Socio-demographic, obstetric and gynecological data were collected by a structured questionnaire. A digital picture of the cervix was taken with an inserted endocervical wick (Tear-Flo™) serving as length standard. After removal of the endocervical wicks, a CVL sample was collected by bathing the cervical os in phosphate buffered saline (PBS). Fluid in the vaginal vault was then collected with a transfer pipette and stored on ice until transported to the laboratory for processing within 4 h. Blood was collected with ethylenediaminetetraacetic acid (EDTA) as anticoagulant and cells were separated from CVL sample and blood by low speed centrifugation. Supernatants were frozen at -80°C until measurement.

Lab assays

Measurements of immunomodulatory factors were conducted with the Milliplex™ Map Human Cytokine/Chemokine KIT for the measurement of 39 premixed cytokines (Millipore, Billerica, MA) using the Luminex technology (Luminex Corporation, Austin, TX) as specified in manufacturer's instructions. Protein concentration in CVL was measured using the Quick-Start Bradford Dye Reagent (Bio-Rad, Hercules, CA) according to the manufacturer's instructions. All samples were assayed in duplicate and the mean between these measurements used for all analysis.

Cervical ectopy

The size of the cervix as well as any visible endocervical epithelium covering the ectocervix was determined by planimetry and expressed in mm2 using an image processing program (Adobe Photoshop)[10,11]. The degree of cervical ectopy was expressed as the percent of the visible endocervix covering the ectocervix.

Statistical analysis

Concentrations outside of the range of the multiplex assay were imputed with a value just below the lower detection limit of the kit plus 2 standard deviations or above the upper cut-off (10,000 pg/ml) of the assay. To adjust for variation in the volume of phosphate buffered saline (PBS) used during the CVL (10 or 12 ml) concentrations determined from samples with lower dilution (10 ml) were divided by a factor of 1.2. Where appropriate, variables were log10 transformed to approximate normal distributions.

We used the chi-square test to compare categorical variables, unless the expected cell counts below 5, in which case we used Fisher's exact test. The chi-square trend test was used to compare ordered categorical variables, the Wilcoxon rank sum test for non-normally-distributed continuous variables, and the T-test for normally distributed variables. Bonferroni correction was used to correct for multiple testing. Pearson correlation coefficient were calculated for normally distributed and Spearman correlation coefficient for non-normally distributed variables.

Linear regression modeling was conducted to adjust for confounding. Variables were retained in the final model if they remained significantly associated with log10-transformed CCL22 concentration or if they changed the effect estimate by more than 15%. Two missing datapoints for the time since last coitus were imputed with the population median of 7 days to retain all women in the regression analysis. All statistical analyses were performed using SAS software (Version 9.2, Cary, NC).

Results

Characteristics of the study population

As expected, pregnant women more frequently reported vaginal discharge and had more pronounced cervical ectopy than non-pregnant women. Pregnant women were also younger than non-pregnant women. They, however, did not differ from non-pregnant women in other socio-economic or gynecological variables (Table 1).

Table 1. Characteristics of 21 pregnant and 24 non-pregnant women included in the analysis.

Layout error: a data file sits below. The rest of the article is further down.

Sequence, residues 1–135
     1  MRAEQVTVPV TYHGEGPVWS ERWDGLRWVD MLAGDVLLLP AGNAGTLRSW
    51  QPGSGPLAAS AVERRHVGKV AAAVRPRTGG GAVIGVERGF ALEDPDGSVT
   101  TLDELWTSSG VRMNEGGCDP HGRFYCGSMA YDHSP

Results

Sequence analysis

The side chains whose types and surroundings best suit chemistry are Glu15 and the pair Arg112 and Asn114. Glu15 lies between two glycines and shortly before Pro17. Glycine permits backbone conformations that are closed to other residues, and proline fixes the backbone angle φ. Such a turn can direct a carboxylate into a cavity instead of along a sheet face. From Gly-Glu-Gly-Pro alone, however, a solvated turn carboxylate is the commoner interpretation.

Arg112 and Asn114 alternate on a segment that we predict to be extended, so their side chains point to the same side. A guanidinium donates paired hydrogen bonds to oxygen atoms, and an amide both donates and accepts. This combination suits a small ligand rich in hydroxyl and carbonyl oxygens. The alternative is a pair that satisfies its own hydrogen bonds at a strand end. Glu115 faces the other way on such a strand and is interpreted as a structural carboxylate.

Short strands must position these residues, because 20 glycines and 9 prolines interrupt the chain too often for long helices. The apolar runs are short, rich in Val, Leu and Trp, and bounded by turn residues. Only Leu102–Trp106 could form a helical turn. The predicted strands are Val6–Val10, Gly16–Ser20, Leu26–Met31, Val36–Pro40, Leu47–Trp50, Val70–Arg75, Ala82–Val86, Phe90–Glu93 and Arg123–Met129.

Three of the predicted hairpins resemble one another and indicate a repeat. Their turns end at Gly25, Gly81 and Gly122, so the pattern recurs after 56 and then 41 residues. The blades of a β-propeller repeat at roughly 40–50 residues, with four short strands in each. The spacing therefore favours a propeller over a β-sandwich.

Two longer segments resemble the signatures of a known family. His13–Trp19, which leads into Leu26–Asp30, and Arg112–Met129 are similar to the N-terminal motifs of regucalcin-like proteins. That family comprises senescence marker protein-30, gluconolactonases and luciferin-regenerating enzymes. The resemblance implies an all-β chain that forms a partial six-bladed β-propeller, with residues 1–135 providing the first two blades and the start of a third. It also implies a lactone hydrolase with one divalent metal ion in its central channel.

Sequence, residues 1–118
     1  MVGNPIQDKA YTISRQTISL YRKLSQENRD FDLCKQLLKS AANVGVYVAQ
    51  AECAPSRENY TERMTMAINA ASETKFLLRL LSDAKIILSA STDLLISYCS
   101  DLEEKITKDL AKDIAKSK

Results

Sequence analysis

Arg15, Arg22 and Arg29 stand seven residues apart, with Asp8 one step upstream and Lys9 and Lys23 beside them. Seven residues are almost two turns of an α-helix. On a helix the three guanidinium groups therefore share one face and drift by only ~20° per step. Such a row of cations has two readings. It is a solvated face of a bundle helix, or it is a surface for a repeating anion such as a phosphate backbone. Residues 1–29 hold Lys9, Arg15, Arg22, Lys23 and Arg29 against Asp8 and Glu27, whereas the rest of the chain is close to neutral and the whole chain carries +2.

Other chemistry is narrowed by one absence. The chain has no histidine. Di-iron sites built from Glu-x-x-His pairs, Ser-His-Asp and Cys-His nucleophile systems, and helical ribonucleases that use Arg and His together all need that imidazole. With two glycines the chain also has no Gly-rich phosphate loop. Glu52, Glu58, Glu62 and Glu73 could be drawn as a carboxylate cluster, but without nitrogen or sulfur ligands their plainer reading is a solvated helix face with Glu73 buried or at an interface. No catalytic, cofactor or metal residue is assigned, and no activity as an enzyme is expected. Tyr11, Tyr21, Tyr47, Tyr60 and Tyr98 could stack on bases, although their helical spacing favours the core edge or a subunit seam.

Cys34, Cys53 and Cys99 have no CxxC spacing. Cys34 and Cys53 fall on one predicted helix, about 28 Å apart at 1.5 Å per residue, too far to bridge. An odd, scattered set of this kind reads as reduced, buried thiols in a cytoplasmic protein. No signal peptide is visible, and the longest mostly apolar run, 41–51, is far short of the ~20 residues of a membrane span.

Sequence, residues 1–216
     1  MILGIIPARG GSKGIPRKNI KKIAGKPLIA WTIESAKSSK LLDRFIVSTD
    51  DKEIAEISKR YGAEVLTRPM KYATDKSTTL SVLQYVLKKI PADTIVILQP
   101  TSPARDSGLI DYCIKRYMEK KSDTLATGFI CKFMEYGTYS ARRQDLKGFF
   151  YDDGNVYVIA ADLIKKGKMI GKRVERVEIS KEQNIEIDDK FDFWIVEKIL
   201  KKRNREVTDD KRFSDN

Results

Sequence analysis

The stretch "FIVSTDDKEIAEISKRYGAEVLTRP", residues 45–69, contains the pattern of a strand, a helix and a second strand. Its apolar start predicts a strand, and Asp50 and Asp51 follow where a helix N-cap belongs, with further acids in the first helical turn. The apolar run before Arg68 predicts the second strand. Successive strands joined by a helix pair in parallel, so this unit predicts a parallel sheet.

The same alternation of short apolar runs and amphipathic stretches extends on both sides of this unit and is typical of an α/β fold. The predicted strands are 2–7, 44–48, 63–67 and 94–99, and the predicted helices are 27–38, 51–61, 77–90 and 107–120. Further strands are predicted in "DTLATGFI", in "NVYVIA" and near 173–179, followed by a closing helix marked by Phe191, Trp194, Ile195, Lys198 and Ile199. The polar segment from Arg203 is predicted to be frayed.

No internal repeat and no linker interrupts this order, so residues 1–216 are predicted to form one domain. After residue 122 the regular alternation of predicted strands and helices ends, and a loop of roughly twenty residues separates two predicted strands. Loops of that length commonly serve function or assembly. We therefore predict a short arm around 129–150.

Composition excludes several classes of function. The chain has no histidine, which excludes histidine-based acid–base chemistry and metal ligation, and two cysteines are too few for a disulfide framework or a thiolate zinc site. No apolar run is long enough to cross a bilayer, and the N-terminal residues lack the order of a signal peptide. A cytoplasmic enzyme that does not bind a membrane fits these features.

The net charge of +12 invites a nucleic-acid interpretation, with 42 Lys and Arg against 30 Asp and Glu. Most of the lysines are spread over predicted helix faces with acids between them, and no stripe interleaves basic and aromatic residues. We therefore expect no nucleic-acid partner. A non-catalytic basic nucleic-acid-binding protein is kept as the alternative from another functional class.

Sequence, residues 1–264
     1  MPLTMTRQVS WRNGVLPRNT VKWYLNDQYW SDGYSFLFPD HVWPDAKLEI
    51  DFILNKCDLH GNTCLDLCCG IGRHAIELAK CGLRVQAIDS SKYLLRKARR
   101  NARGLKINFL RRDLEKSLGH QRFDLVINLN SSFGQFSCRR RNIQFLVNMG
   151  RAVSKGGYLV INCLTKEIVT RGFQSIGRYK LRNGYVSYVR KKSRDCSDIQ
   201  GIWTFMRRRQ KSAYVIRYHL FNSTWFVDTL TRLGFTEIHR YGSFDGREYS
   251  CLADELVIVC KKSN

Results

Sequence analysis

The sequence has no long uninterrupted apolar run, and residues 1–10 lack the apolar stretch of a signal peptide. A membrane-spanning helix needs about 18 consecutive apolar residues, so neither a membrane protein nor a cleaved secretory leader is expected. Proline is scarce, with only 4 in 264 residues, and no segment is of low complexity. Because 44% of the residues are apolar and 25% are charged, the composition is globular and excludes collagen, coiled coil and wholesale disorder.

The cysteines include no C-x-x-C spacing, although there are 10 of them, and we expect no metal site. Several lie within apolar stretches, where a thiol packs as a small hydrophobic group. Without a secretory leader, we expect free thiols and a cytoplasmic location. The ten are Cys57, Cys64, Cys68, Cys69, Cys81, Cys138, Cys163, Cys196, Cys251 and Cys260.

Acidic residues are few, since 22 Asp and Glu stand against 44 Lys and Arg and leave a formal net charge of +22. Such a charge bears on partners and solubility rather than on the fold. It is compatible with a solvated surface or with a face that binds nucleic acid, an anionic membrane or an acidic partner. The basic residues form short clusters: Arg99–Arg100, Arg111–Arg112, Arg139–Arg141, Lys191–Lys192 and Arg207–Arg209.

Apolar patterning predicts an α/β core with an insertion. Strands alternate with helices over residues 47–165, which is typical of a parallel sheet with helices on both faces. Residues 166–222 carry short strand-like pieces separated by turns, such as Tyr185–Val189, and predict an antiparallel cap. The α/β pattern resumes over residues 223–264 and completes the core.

Twenty six (66%) of the 39 measured immunomodulatory factors were detectable in at least half of the CVL samples included in the analysis. With the exception of IL-1ra, none of immunomodulatory factors were frequently above the detection limit of the assay (Table 2).

Table 2. Concentrations of immunomodulatory factors in CVL of 21 pregnant and 24 non-pregnant women from Los Angeles.

Pregnancy and immunomodulatory factors in CVL

CVL collected from pregnant women contained threefold lower concentrations of C-C motif chemokine 22 (CCL22; also known as macrophage-derived chemokine) than CVL from non-pregnant women (mean ± standard deviation [SD] of log10 pg CCL22 per ml 1.5 ± 0.4 versus 2.0 ± 0.5, p = 0.0011, geometric mean: 29.7 pg/ml vs 89.7 pg/ml). Pregnant women also had lower CVL concentrations of monocyte chemotactic protein-1 (MCP-1) than non-pregnant women (mean ± SD of log10 pg per ml among pregnant women: 1.6 ± 0.6 versus non-pregnant women 2.0 ± 0.7, p = 0.03; geometric mean: 41.1 pg/ml versus 111.4 pg/ml); however, only the difference in CCL22 remained significant when adjusted for multiple testing (p < 0.0013).

The difference in CVL CCL22 concentration between pregnant and non-pregnant women strengthened slightly when pregnant women were restricted to those in their third trimester (n = 13) (mean ± standard deviation [SD] of log10 pg CCL22 per ml 1.4 ± 0.4 versus 2.0 ± 0.5, p = 0.0011, geometric mean: 23.6 pg/ml vs 89.7 pg/ml). There additionally was a strong negative correlation between gestational age and CCL22 concentration in CVL (Spearman correlation coefficient [RS]: -0.49, p = 0.0006) when analyzed in the whole population assigning a gestational age of "0" to non-pregnant women (Figure 1). There was, however, no significant association of CCL22 concentration with gestational age when restricted to pregnant women (RS = -0.21, p = 0.34)

thumbnailFigure 1. Scatter plot of CCL22 concentration in cervicovaginal lavages with gestational age among 21 pregnant and 24 non-pregnant women. Non-pregnant women were assigned a gestational age of 0 weeks.

Correlation of CVL CCL22 concentration with other immunomodulatory factors

As listed in Table 3, the concentration of CCLL22 concentration correlated or tended to correlated with that of Eotaxin, Fractalkine, GM-CSF, GRO, IL-17, IL-9, IP-10, MCP-1, MCP-3, TGFα, TNFβ and VEGF in CVL. There was, however, no correlation with the total protein concentration in CVL (RS = 0.10; p = 0.51) or with plasma CCL22 concentration (RS = 0.06, p = 0.69).